Here's the latest Argus column by Newport East MP Jessica Morden:

THE new prime minister must reverse cuts to front line policing and invest in giving our police the resources they need.

Boris Johnson has now acknowledged that people want more officers in their neighbourhoods to protect the public and tackle crime, but he supported and served in governments which enacted brutal cuts to the police.

Police budgets were cut by £2.7 billion in real terms between 2010 and 2018, leaving police numbers at their lowest level in 30 years.


Gwent Police saw its budget reduced by more than 40 per cent, leading to the loss of hundreds of officers and staff.

So far what the government has proposed is not a proper investment in policing, but rather the gradual replacement of officers who were cut on their watch.

The Conservatives have shown a total disregard for our police over the last nine years, and unless they commit to an overhaul of their police funding strategy to ensure that forces are properly resourced, recent pledges on recruitment will represent further empty promises from a prime minister with a track record of throwaway commitments.

- As vice-chair of the All-Party Parliamentary Group on Steel I’ve joined other MPs in calling on the new business secretary to work to create a strong and sustainable future for steel.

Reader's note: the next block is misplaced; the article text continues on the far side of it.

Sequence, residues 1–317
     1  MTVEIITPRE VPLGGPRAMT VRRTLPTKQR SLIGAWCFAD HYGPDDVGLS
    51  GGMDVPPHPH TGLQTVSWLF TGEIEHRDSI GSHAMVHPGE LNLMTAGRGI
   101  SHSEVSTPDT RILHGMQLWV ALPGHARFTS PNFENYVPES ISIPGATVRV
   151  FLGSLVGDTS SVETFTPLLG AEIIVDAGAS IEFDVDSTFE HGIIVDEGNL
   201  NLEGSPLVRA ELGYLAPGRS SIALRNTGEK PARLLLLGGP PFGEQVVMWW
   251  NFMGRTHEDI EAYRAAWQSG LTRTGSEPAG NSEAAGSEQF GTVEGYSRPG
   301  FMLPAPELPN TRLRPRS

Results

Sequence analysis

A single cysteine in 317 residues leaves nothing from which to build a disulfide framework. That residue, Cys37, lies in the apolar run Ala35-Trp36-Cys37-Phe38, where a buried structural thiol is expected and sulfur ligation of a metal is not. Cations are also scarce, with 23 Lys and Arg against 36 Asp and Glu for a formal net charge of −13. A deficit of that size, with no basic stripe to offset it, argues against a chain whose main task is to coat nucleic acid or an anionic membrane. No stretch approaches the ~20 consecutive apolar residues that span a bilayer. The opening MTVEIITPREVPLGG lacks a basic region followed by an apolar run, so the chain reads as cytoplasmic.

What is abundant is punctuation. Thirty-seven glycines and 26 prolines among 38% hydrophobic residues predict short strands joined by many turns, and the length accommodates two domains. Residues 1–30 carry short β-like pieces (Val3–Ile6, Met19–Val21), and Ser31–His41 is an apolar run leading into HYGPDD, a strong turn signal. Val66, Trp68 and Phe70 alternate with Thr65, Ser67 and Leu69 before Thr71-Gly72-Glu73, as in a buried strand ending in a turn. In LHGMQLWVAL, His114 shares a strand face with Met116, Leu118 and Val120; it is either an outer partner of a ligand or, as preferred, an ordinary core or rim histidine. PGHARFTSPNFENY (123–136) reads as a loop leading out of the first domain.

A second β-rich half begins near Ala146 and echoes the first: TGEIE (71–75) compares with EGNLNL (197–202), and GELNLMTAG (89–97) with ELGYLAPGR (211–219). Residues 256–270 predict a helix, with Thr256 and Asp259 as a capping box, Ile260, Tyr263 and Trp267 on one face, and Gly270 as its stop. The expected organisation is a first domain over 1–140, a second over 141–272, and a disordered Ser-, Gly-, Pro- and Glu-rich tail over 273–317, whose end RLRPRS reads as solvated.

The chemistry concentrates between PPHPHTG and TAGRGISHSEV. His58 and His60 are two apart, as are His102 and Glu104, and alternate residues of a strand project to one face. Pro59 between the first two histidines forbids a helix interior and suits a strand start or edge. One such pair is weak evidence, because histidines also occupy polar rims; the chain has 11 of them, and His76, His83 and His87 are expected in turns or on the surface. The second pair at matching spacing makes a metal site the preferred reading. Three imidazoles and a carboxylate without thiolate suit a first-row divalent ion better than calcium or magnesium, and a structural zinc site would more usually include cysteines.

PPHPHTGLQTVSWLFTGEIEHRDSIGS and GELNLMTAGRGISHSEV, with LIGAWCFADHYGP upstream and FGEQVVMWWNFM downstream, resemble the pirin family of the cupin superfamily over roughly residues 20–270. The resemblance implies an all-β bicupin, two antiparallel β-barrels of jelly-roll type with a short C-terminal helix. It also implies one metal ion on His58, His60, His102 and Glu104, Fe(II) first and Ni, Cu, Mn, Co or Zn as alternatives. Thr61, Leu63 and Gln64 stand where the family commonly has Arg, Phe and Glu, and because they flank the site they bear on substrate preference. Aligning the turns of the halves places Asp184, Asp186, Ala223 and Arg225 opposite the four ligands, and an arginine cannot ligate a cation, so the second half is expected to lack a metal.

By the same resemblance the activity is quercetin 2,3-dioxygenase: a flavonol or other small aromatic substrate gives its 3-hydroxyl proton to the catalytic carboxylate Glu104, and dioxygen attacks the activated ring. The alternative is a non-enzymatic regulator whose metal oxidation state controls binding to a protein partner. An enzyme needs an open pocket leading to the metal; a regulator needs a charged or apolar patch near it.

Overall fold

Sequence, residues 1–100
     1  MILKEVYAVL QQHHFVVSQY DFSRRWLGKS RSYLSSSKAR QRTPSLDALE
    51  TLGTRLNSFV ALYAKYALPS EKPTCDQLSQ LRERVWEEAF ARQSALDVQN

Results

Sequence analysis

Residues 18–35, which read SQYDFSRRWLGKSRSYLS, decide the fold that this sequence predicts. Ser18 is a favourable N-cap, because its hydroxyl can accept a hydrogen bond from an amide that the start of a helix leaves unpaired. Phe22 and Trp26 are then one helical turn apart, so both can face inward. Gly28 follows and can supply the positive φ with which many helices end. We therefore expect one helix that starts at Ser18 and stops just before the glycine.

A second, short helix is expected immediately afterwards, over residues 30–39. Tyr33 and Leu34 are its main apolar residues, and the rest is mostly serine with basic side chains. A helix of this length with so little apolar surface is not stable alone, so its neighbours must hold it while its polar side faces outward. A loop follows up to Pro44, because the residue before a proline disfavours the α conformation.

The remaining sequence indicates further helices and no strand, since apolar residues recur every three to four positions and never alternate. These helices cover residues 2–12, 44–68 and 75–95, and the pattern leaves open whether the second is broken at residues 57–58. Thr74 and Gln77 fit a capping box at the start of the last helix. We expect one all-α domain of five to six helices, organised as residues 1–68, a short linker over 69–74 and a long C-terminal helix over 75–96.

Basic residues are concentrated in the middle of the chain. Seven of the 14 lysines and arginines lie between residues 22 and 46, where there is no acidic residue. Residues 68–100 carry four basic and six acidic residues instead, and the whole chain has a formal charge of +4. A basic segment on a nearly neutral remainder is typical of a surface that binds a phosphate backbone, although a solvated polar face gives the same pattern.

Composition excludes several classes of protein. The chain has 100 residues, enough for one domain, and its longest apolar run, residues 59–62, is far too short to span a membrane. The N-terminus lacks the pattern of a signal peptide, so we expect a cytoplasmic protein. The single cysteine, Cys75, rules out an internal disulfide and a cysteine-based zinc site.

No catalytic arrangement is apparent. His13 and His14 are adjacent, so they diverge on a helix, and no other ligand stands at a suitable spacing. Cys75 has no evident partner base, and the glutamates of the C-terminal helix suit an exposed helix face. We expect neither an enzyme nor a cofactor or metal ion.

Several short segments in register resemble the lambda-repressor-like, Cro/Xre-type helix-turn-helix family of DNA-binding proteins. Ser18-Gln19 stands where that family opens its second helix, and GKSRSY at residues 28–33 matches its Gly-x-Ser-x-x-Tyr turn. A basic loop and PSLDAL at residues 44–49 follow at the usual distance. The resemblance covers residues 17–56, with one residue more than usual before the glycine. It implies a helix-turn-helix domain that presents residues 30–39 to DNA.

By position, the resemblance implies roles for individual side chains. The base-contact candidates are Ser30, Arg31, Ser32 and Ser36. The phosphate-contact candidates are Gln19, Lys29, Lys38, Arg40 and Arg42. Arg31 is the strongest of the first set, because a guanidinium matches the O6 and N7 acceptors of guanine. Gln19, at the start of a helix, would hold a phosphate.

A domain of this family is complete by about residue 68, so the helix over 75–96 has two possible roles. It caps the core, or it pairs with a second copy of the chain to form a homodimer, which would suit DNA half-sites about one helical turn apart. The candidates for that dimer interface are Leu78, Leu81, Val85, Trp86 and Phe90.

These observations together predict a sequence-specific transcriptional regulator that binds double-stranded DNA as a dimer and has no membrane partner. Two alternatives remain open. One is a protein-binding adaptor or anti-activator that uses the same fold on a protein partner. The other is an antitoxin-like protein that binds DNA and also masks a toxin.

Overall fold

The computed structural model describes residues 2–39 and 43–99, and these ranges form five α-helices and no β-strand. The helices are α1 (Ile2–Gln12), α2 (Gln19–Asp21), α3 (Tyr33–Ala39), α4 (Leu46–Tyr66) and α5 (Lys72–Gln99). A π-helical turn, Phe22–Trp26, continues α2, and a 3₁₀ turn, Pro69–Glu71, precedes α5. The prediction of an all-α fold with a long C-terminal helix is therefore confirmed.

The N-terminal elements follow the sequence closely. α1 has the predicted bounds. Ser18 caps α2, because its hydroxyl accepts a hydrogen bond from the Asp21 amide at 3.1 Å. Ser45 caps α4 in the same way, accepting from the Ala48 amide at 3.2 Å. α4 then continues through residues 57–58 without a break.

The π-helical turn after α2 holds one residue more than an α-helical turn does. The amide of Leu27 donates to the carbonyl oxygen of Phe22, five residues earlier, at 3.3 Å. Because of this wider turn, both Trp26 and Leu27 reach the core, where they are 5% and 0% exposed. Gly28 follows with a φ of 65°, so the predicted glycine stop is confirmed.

It’s vitally important that the government works to ensure that the UK reaps the benefit of the significant opportunities that exist for our steel industry, including electric vehicles.

The government must meet the challenges facing the sector head on: sky-high energy costs, steel dumping, procurement, and our future relationship with trading partners in Europe.

- I was pleased to attend the first meeting of the ‘Statue for Lady Rhondda’ team – a campaign led by local women fundraising for Newport’s first statue of a named woman.

The campaign has been initiated by Julie Nicholas, who led the drive for a blue plaque for Lady Rhondda on Risca Road.

South Wales Argus:

Lady Rhondda

Llanwern’s Lady Rhondda was a trailblazer who dedicated her life to the pursuit of equality for women in politics and society.

She fought a valiant campaign for women to take their seats in the House of Lords, was the first women president of the Institute of Directors and even survived the sinking of the Lusitania.

It would be great to see Lady Rhondda’s work and legacy celebrated with a statute in her home city.

For updates on the campaign follow @statue4LR on Twitter.